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Setting Custom Filters

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Sisu provides the ability to set nested filters when defining and iterating on your analysis or drilling down into a fact.

 

Related Articles:

 

Using Custom Filters for Defining Custom Filters

When setting filters or defining groups to compare, you can use a combination of AND and OR filters (referred to as nested filters). 

For example, the following nested filters will return sales of SKU-3009 in either the New York store or the Chicago store:

sample_nested_filters.png

 

Using Custom Filters for Defining Group Comparison

Nested filters can be particularly useful when defining groups to compare in a Group Comparison Analysis.  

For example, the following nested filters will return sales of SKU-3009 in either the New York store or the Chicago store:

compare_groups.png

 

Filtering Syntax

You can filter by:

  • a single condition
    (color = blue)
  • a set of OR conditions
    (color = blue OR color = red OR ...)
  • a set of AND conditions
    (color = blue AND color = red AND ...)
  • sets of single or OR conditions joined by ANDs
    ((color = blue OR color = red) AND (style = shirt) AND ...)
info_icon.png Within each OR or AND set there is no limit on the number of conditions.

Columns and values used in conditions are populated from the Metric's data source. Sisu users can also create a custom value.

Sisu conditions cannot currently compare against "empty value". If you would like to filter out empty values for a particular column, Sisu recommends defining a special character in your data source.

tip_icon_-_small.png Within each OR or AND set there is no limit on the number of conditions.

The following options are available:

filter_options.png

 

The “Is Like” Filter

The “is like” option is used as a WHERE clause to search for a specified pattern within a column. There are two wildcards often used in conjunction with the LIKE operator:

  •  The percent sign (%) represents zero, one, or multiple characters
  •  The underscore sign (_) represents one, single character

The following table describes in simple terms various ways you can use the % and _ characters to filter your data:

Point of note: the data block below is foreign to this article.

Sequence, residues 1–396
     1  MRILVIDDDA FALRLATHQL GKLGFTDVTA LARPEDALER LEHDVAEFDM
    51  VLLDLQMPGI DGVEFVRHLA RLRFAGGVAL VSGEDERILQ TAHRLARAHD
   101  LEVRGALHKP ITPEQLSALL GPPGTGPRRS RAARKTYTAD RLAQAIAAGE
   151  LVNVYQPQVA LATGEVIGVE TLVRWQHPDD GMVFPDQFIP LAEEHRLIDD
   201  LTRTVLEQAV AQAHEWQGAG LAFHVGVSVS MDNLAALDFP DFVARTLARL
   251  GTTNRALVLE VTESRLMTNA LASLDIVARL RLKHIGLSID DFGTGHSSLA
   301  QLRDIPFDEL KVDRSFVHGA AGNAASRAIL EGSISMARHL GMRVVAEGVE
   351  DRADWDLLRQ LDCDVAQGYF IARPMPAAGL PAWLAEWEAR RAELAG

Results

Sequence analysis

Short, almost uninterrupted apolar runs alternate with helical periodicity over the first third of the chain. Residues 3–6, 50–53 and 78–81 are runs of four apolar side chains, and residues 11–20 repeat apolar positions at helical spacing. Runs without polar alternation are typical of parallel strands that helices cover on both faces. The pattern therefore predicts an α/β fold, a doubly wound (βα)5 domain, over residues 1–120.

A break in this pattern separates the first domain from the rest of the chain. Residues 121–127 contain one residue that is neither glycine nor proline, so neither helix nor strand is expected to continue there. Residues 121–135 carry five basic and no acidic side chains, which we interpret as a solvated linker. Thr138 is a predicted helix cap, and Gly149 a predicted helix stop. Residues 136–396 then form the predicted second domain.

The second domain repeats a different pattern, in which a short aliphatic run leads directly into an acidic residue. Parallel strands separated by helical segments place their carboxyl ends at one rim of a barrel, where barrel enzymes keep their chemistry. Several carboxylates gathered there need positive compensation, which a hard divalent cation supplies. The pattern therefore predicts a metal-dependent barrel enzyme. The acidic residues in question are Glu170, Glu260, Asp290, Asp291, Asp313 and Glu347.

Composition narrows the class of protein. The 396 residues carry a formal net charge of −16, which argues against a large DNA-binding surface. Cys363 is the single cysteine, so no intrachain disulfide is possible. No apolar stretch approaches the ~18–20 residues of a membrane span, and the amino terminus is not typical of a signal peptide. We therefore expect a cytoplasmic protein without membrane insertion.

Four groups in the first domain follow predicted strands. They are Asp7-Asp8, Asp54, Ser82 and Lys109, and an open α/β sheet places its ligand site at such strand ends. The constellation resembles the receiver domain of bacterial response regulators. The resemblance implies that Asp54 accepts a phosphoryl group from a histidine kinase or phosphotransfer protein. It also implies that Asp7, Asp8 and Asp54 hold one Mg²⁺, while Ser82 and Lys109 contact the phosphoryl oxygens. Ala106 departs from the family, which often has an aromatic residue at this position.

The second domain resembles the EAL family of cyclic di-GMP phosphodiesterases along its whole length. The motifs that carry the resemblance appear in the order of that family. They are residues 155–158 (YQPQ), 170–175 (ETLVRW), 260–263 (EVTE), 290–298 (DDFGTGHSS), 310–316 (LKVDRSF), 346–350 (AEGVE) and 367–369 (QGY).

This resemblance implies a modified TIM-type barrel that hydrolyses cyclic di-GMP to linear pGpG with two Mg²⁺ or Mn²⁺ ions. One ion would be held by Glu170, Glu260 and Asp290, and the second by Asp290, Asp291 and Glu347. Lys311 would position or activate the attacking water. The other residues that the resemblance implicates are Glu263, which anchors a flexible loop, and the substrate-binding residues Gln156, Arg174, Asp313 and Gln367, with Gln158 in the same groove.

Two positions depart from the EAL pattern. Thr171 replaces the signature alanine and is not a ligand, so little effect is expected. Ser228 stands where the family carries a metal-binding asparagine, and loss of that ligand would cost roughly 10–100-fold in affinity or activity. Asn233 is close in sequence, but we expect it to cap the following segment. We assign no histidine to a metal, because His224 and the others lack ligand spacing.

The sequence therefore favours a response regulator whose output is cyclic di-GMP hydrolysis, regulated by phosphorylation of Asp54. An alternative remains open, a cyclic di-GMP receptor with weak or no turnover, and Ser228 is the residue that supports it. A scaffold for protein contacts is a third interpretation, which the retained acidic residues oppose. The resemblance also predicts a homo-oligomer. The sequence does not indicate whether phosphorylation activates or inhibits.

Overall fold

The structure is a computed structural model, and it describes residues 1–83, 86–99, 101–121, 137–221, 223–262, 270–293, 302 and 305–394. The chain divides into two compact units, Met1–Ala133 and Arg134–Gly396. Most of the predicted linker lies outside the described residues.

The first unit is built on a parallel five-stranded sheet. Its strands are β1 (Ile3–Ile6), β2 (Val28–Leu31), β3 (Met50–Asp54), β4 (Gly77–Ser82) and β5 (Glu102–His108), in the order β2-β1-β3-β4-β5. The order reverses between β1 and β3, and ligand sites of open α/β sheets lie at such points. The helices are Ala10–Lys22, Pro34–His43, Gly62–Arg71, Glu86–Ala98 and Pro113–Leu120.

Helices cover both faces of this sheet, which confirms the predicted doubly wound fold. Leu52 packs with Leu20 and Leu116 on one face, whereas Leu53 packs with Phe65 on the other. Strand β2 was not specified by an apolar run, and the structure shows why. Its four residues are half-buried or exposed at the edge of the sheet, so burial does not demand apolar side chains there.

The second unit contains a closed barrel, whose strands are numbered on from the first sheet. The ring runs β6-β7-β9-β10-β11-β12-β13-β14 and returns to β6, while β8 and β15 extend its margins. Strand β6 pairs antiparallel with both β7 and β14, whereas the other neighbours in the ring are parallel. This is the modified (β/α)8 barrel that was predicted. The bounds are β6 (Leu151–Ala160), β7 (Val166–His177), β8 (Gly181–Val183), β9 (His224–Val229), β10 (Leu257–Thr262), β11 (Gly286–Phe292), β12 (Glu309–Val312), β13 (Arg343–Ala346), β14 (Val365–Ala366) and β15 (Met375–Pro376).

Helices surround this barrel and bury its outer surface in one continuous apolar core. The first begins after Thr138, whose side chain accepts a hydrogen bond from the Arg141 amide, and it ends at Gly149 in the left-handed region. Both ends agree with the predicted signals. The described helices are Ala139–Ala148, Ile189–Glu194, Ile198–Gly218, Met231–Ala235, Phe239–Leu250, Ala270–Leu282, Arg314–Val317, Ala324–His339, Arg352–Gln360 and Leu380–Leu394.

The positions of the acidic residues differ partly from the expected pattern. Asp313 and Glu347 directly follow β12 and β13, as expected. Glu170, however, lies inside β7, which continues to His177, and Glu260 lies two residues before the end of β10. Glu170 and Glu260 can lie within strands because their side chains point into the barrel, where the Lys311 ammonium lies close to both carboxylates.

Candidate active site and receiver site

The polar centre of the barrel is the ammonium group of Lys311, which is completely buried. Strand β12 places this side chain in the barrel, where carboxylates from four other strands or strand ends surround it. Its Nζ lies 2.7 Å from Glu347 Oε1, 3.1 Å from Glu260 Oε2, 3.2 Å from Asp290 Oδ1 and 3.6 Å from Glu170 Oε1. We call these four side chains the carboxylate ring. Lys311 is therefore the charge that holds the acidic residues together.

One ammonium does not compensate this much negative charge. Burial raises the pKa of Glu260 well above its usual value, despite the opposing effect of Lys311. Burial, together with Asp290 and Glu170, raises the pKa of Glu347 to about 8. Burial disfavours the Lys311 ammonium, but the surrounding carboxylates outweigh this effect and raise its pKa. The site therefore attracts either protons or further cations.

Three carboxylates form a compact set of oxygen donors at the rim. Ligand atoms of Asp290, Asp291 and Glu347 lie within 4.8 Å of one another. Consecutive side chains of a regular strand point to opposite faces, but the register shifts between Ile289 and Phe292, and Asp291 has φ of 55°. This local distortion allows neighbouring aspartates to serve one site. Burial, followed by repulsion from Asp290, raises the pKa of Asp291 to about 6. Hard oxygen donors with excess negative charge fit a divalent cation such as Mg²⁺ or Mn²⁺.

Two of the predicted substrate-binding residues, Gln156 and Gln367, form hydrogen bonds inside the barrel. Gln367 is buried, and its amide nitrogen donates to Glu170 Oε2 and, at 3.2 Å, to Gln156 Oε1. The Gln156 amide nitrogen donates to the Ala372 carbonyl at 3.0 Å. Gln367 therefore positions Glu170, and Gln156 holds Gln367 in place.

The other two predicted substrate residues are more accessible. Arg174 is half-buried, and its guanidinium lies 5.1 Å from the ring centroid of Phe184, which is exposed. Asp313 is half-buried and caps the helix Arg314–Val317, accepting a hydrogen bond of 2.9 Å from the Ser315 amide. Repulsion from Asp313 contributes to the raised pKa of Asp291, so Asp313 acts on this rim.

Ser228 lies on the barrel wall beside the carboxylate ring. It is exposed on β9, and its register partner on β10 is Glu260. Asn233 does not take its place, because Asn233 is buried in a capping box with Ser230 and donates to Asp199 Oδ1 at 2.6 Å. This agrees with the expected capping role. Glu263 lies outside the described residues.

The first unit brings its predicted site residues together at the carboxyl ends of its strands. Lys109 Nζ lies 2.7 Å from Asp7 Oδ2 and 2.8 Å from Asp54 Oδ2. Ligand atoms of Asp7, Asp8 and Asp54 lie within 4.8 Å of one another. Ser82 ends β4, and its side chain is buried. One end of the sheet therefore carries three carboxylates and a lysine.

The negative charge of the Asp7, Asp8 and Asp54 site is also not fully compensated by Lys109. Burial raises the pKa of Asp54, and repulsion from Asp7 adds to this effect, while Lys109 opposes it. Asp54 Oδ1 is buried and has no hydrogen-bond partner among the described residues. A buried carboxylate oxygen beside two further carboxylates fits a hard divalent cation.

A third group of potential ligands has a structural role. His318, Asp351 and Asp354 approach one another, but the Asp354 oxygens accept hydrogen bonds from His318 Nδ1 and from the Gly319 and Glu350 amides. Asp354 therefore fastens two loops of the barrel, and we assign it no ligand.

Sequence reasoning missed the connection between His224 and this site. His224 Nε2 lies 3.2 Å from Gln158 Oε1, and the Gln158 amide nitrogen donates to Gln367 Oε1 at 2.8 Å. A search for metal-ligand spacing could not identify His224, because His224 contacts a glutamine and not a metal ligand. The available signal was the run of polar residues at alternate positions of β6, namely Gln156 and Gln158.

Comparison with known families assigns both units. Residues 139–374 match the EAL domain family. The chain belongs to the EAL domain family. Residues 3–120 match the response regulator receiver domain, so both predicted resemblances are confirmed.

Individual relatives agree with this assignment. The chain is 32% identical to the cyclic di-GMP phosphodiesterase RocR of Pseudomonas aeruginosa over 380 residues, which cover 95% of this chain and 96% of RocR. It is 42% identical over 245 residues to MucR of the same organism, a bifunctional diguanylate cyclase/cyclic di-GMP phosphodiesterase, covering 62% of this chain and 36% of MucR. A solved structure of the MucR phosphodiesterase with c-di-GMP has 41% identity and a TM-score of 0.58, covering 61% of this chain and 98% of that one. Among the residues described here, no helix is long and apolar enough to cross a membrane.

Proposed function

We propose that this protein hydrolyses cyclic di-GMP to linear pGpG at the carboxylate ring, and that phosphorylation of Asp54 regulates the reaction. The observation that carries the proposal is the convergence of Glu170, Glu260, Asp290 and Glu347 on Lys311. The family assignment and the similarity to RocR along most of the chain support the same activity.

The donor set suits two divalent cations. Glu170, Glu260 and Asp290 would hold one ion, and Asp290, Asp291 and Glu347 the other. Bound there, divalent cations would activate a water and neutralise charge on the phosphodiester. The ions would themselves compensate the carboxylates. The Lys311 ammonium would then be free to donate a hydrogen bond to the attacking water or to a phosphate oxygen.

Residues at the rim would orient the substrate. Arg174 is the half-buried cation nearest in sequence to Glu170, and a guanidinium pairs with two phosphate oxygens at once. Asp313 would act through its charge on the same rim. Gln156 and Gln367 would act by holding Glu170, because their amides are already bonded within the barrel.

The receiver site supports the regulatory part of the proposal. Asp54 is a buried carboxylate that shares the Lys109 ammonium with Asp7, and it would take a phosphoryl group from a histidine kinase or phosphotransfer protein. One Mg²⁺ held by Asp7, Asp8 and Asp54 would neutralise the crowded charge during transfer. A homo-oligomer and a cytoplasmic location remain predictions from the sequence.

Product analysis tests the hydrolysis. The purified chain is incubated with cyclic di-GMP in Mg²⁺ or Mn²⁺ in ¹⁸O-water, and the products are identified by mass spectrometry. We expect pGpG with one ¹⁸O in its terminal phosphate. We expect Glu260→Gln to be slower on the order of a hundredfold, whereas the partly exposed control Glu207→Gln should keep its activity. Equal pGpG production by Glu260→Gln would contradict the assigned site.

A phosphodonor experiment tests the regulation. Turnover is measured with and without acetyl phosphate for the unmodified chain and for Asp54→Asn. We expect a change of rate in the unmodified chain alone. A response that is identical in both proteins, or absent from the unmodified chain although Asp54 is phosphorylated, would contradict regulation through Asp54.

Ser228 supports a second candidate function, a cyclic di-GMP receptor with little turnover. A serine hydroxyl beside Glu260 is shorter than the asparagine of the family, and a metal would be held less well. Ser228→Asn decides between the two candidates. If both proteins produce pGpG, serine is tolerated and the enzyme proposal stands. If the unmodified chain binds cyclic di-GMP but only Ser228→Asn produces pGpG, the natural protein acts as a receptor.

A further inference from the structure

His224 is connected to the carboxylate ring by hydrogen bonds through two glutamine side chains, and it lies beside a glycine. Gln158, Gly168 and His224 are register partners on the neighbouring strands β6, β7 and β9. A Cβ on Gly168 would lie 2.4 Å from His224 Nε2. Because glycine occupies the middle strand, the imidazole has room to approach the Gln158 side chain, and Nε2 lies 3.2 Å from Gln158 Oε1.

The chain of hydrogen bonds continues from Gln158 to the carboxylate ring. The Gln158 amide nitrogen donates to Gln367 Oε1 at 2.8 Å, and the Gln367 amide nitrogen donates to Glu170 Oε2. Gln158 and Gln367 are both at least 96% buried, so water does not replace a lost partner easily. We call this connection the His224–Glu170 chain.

a%

Finds any values that start with "a"

%a

Finds any values that end with "a"

%or%

Finds any values that have "or" in any position

_r%

Finds any values that have "r" in the second position

a_%

Finds any values that start with "a" and are at least 2 characters in length

a__%

Finds any values that start with "a" and are at least 3 characters in length. (There are two underscores.)

a%o

Finds any values that start with "a" and ends with "o"

This type of filter is commonly used in text-based columns such as a “Comments” field from a feedback form. For example, given the following text samples:

  • I think this product is super!
  • I like the Superman character.

...using “is like” %super% will recognize both instances, since the % sign is a wildcard for any character, including a space and punctuation. However, using “is like” super (with no % or _), neither line will be recognized, since both have additional characters immediately following the target text.

 

The “Contains” Filter

A “contains” option is used only when your Fact already uses the “contains” operator, which is a result of using the Keyword Analysis feature to analyze keyword phrases. This essentially changes the “is” operator to “contains”.

For example, in the following analysis, we used Manage Columns to split the “LIST_SKU_CATEGORY” string column into keyword phrases, so the Facts describing the Granola Bar and Energy Drink categories’ sales use “contains” instead of “is”.

Contains_example.png

In this situation, when you drill down into one of these Facts, you will see that the filter operation shows “contains”:

Contains_in_filter.png

tip_icon_-_small.png Note that the “contains” operator is applied automatically and cannot be selected by you, since it is dependent on using the “split column into keyword phrases” option in Manage Columns. Refer to Transforming a Column: Keyword Analysis for more information.
info_icon.png

Note that the “contains” operator differs from “is like” because it takes into account the delimiter that surrounds the keyword output.

“Is like” is similar to the LIKE clause in SQL.

The “contains” operator checks for all combinations of the columns data. For example, given the following text samples:

  • I think this is a super product!
  • I like the Superman character.

A “contains” super filter will only recognize the first instance, but not the second.

 

Troubleshooting

warning_icon.png

If when saving a filter or group comparison, Sisu shows an "Invalid filters" error:

  • Ensure any custom created values match the data type of their column. For example, "red" is not a valid value for a column with type "boolean".
  • Ensure all filters have a value.

 

warning_icon.png

If when saving a filter or group comparison, Sisu shows an "Error occurred while saving" error:

  • Ensure you have a valid network connection and try saving again.